Six large healthcare systems are backing an initiative to significantly advance the use of green business practices by hospitals.
Healthcare heavyweights back use of initiative
The effort, called the Healthier Hospitals Initiative, has initial support from Advocate Health Care, Oak Brook, Ill.; Catholic Healthcare West, San Francisco; HCA, Nashville; Kaiser Permanente, Oakland, Calif.; MedStar Health, Columbia, Md.; and Partners HealthCare System, Boston. The six systems, which together own about 260 hospitals, put up an unspecified amount of seed money to launch the initiative. But the group—whose primary goals are moving suppliers toward the production of greener products and services and reducing the costs of those goods—acknowledged that the effort would succeed only if it gains support from other hospitals and healthcare systems.
“We're a big whopper of a healthcare system,” said Robert Gotto, executive director, procurement and supply with Kaiser Permanente. “We'll spend about $14.1 billion on purchasing this year, but if you look at it, we're just 2% to 3% of the U.S. healthcare market, where Wal-Mart is 40% of their market share in the U.S. So we really need that collaboration to move the market.”
Unveiled last week during the CleanMed conference in Baltimore, the effort lays out a broad preliminary plan for engaging chief hospital executives in environmental policy development, setting costs-reduction targets and standards for product contents, and reducing energy use and generated waste.
The initiative follows several earlier efforts to green portions of the healthcare supply chain. They include a 1998 agreement between the American Hospital Association and the Environmental Protection Agency to eliminate mercury from the supply chain and the creation last year of the Hospital Energy Alliance—a coalition of nine healthcare systems that committed to advancing hospitals' adoption of renewable energy technology.
Gary Cohen, president of Health Care Without Harm—which along with Practice Greenhealth and the Center for Health Design helped developed the project—said the initiative seeks to rapidly build on lessons learned from those earlier efforts.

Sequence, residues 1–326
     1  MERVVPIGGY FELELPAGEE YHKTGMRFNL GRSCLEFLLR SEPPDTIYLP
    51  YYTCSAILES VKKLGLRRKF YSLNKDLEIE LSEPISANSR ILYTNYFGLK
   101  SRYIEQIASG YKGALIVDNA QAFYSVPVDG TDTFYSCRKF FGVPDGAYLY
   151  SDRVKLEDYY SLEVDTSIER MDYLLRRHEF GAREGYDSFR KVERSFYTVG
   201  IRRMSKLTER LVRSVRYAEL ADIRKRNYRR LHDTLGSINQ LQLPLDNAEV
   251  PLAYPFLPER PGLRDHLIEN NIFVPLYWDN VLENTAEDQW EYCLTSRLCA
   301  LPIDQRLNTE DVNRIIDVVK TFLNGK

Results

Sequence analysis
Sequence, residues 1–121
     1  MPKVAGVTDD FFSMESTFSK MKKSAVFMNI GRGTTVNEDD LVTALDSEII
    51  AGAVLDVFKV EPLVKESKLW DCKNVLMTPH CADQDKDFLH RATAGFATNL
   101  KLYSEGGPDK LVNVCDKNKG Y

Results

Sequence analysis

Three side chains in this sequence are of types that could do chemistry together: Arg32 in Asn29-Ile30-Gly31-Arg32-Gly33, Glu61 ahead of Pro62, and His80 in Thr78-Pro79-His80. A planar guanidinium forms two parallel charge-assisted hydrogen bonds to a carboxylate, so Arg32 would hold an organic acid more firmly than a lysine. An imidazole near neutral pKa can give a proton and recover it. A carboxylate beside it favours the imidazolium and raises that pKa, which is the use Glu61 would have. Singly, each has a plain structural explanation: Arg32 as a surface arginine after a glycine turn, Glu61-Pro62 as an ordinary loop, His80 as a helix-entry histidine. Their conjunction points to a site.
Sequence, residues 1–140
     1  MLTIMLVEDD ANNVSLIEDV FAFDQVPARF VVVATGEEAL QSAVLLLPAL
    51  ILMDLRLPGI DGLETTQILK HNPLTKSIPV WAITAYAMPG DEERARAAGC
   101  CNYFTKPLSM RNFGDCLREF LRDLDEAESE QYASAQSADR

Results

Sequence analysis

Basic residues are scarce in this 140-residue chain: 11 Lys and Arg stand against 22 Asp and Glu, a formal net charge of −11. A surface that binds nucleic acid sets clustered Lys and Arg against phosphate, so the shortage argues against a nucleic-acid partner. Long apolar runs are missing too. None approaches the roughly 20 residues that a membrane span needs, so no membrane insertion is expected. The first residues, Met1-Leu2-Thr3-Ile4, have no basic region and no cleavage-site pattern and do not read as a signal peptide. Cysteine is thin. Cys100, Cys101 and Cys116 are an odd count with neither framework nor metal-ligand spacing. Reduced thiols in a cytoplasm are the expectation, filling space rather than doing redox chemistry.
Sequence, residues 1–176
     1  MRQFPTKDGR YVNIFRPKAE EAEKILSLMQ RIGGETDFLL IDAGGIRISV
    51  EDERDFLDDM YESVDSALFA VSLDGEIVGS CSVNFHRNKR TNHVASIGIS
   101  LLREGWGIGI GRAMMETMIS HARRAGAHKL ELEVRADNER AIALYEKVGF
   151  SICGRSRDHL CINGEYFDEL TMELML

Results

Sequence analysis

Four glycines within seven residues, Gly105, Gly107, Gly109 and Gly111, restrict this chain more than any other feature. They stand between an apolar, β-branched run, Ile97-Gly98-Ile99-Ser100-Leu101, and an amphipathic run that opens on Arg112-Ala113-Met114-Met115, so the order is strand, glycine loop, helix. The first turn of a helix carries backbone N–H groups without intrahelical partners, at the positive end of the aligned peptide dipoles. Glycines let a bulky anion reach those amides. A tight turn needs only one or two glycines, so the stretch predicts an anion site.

“The difference now is the scale on which we'll work with group purchasing organizations and large systems to link together purchasing power to move the marketplace,” Cohen said. He added that changes in the political climate also are providing momentum.
Kathy Gerwig, environmental stewardship officer and vice president of workplace safety for Kaiser Permanente, agreed. “This year we saw legislation introduced that is meaningful in terms of environmental improvement,” Gerwig said during a news briefing May 12 announcing the Healthier Hospitals Initiative.
Gerwig pointed to two bills introduced in April, each aimed at overhauling the Toxic Substances Control Act of 1976. The Senate's Safe Chemical Act, introduced by Frank Lautenberg (D-N.J.), chair of the Senate Environment and Public Works' Subcommittee on Superfund, Toxics and Environmental Health, would require manufacturers to test all industrial chemicals and prove they are safe for product use. The legislation would require the EPA to categorize chemicals based on safety risk and make that information available through a public database. The bill also proposes a grant program to fund development of green chemistry.
Reps. Bobby Rush (D-Ill.) and Henry Waxman (D-Calif.) have drafted a similar House bill called the Toxic Chemicals Safety Act. That legislation would also increase the EPA's authority to enforce safe-chemical requirements and establish a program to evaluate children's vulnerability to chemicals.
If passed, the legislation would help hospitals determine whether the supplies they purchase—from cleaning products to building materials to clinical supplies—are environmentally safe, Gerwig said. The proposed EPA database could, for example, give purchasing officers another tool on which to base their environmentally preferred purchasing standards and push manufacturers to offer more affordable green products.
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